The first of the rescue forces hurrying to the scene to arrive was a Navy CATALINA patrol seaplane. This plane landed in the water about 5:05 P.M., to afford support to those not in life rafts. Coached by Lieutenant Commander Atteberry, the CATALINA seaplane picked up a total of 58 survivors. This plane was so badly damaged on landing and in rescue operations that it could not take off. However, all the rescued were given elementary first aid and a few hours later transferred to a surface vessel.

Later in the afternoon, an Army rescue seaplane, a flight of seven additional large Navy planes, and two Army heavy bombers arrived in the area, conducted intensive searches and dropped large quantities of life rafts and other rescue gear, to all personnel sighted.

During the night a majority of the available surface craft, consisting of four destroyers, four destroyer escorts, three fast, light transports, plus numerous patrol craft, arrived. Thorough and methodical search and rescue operations were commenced. By night powerful searchlights, flares, and star shells swept the area, and by day, planes coached surface ships to every object sighted.

Before the search was abandoned on August 8th, the area within a 100 mile radius of the center of the survivors group had been so thoroughly searched that there was no possibility that a single individual remaining afloat had been missed.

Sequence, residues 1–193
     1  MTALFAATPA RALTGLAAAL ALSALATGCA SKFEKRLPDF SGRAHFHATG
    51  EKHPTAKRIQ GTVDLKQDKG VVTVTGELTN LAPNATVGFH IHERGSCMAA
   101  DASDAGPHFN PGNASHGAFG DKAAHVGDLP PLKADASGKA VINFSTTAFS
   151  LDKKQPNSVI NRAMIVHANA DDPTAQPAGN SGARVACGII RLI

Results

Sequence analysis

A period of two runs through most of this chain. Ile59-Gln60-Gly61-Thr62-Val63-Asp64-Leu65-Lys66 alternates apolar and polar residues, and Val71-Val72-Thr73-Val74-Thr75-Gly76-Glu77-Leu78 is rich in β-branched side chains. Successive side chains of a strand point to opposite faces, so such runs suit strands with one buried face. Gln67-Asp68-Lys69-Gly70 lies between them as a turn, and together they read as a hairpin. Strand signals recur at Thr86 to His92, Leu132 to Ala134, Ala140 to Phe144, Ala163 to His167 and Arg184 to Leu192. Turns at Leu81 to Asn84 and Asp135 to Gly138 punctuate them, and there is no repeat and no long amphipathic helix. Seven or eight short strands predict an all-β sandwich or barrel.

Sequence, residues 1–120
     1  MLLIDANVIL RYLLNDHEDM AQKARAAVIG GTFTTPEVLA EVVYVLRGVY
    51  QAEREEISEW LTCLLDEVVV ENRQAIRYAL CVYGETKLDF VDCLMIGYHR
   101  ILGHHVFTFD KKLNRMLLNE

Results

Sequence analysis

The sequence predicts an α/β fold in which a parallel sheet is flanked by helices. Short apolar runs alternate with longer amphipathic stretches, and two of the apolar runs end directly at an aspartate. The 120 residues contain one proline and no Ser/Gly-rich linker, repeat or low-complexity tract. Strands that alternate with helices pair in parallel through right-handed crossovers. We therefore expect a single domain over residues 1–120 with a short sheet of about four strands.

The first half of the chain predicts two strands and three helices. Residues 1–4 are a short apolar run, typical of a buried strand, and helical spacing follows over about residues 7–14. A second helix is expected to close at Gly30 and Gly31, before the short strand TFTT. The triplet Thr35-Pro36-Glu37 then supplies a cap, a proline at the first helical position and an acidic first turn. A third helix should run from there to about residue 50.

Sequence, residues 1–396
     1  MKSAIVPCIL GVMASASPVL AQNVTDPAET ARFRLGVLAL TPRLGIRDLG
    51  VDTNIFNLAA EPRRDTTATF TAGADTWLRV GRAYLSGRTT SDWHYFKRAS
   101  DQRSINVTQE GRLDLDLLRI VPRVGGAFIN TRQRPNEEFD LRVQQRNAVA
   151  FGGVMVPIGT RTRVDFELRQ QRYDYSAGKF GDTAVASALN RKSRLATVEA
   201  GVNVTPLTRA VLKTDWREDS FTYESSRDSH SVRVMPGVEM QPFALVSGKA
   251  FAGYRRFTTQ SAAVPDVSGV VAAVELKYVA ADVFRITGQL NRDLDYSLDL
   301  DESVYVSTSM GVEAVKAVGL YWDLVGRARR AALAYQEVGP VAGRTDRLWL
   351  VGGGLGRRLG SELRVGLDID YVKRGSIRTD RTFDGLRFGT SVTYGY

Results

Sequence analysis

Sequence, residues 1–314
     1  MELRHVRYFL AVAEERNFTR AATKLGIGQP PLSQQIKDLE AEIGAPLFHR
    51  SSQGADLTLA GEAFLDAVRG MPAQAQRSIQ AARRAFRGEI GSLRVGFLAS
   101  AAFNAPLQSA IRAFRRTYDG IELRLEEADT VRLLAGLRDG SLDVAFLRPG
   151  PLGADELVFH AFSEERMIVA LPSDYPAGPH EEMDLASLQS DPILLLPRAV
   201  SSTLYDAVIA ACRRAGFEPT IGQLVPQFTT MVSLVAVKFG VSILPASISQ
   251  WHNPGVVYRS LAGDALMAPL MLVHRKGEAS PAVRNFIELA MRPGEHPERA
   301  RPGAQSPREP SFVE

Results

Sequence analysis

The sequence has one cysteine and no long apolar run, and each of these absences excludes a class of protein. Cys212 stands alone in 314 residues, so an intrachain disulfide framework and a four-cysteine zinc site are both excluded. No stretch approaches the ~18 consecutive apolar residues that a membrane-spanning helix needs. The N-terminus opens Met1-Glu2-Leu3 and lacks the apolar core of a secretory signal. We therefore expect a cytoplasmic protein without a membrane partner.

The following disciplinary action has been taken in connection with the loss of the Indianapolis:

Captain Charles B. McVay, III, U.S.N., has been brought to trial by General Court Martial. He was acquitted of failure to give timely orders to abandon ship. He was found guilty of negligence in not causing a zigzag to be steered. He was sentenced to lose one hundred numbers in his temporary grade of Captain and also in his permanent grade of Commander. The Court and also the Commander in Chief, United States Fleet recommended clemency. The Secretary of the Navy has approved these recommendations, remitted the sentence, and restored Captain McVay to duty.

The Secretary of the Navy has given Commodore N.C. Gillette, U.S.N., a Letter of Reprimand, which will become part of his permanent official record.

The Secretary of the Navy has given Captain A.M. Granum, U.S.N., a Letter of Reprimand, which will become part of his permanent official record.

The Commander in Chief, Pacific Fleet has given Lieutenant Commander Jules C. Sancho, U.S.N.R., a Letter of Admonition, which will become part of his permanent official record.

The Commander in Chief, Pacific Fleet has given Lieutenant Stuart B. Gibson, U.S.N.R., a Letter of Reprimand, which will become part of his permanent official record.


1 April 1999